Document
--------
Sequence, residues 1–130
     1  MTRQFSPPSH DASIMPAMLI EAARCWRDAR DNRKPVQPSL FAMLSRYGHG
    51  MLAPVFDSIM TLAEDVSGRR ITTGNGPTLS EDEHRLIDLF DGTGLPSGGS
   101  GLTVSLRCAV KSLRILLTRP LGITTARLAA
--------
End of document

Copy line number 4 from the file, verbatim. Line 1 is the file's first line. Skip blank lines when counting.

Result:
   101  GLTVSLRCAV KSLRILLTRP LGITTARLAA